Spring has sprung! Maybe it’s just us, but it has felt like a loooong winter. However, the sun is out today, a long weekend is ahead of us an it’s time to get cracking on your garden.
It’s no secret that a well-landscaped garden can improve your property’s value. Plants are proven to lower stress levels and improve concentrations in the workplace, so it’s no wonder that gardens are something people are attracted to when buying property.
In fact a study from the Michigan State University found that homeowners received a 109% return on their landscaping investments, improving sale prices by 5 – 11%.
So how do you best harness this good-vibes power? Here are
5 Things You Can Do In Your Garden This Weekend
Last week the issue of squatters was in the national news media for the second time in as many months. This time the Victorian government and St Vincent de Pauls are somewhat ironically trying to evict homeless squatters from a row of inner city houses in order to provide other homeless people with housing and services.
This comes only a month after a less down-on-his luck banker moved into an empty heritage house in Sydney’s inner city and told neighbours he plans to claim the property under adverse possession laws. Continue reading
Bad neighbours. We’ve all had them, but unfortunately not all of them have looked like Zac Efron, even if he did come with a frat house. Still, a frat house would be better than this guy in Tennessee last weekend who bulldozed his neighbour’s house after a dispute.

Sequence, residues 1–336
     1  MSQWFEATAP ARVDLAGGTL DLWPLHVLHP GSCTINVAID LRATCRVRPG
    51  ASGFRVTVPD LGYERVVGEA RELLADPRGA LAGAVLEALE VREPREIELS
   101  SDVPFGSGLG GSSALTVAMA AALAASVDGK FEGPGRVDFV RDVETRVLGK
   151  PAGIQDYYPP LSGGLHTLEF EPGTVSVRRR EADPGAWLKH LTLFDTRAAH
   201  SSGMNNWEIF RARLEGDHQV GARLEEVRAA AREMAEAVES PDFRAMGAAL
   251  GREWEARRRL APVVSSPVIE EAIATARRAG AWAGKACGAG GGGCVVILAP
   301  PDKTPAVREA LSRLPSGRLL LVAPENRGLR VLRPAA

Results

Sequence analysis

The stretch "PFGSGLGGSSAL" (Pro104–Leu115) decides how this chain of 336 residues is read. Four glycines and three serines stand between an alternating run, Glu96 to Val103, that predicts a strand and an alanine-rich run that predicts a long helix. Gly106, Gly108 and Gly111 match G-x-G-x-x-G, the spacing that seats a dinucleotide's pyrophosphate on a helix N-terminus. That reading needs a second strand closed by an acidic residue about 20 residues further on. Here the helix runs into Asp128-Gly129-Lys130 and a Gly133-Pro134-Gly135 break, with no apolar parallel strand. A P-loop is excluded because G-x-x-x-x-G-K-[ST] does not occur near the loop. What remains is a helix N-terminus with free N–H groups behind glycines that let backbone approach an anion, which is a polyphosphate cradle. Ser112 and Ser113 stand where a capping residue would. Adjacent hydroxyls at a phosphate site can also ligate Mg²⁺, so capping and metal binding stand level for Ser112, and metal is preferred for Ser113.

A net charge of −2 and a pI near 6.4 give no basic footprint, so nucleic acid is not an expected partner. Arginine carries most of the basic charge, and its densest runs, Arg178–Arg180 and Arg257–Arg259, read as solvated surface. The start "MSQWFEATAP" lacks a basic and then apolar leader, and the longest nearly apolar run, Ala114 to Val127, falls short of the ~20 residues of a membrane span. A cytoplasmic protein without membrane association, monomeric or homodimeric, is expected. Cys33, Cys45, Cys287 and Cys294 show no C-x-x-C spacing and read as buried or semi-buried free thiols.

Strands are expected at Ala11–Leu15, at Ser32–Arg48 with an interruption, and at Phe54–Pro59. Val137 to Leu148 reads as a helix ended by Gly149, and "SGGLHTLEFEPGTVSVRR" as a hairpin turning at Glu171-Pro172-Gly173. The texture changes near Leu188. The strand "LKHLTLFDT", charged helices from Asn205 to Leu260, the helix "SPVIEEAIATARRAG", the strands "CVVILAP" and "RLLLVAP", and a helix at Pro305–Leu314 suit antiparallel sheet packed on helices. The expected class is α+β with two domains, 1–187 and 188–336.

Recently several people on a well-to-do street in New Zealand received notes in their letterboxes asking them to upgrade their cars as the ones they had were not to the standard expected in that street, something that could potentially impact the sale price of nearby houses.
This story had us at Perspective in stitches—not least because some online comments suggested that perhaps the real estate agents selling those houses delivered the notes. The agents have denied all knowledge of the letter, but it got us to wondering:
- What are the worst neighbour experiences our staff members have had?
- Does it really impact prices?
- What can/should be done about it?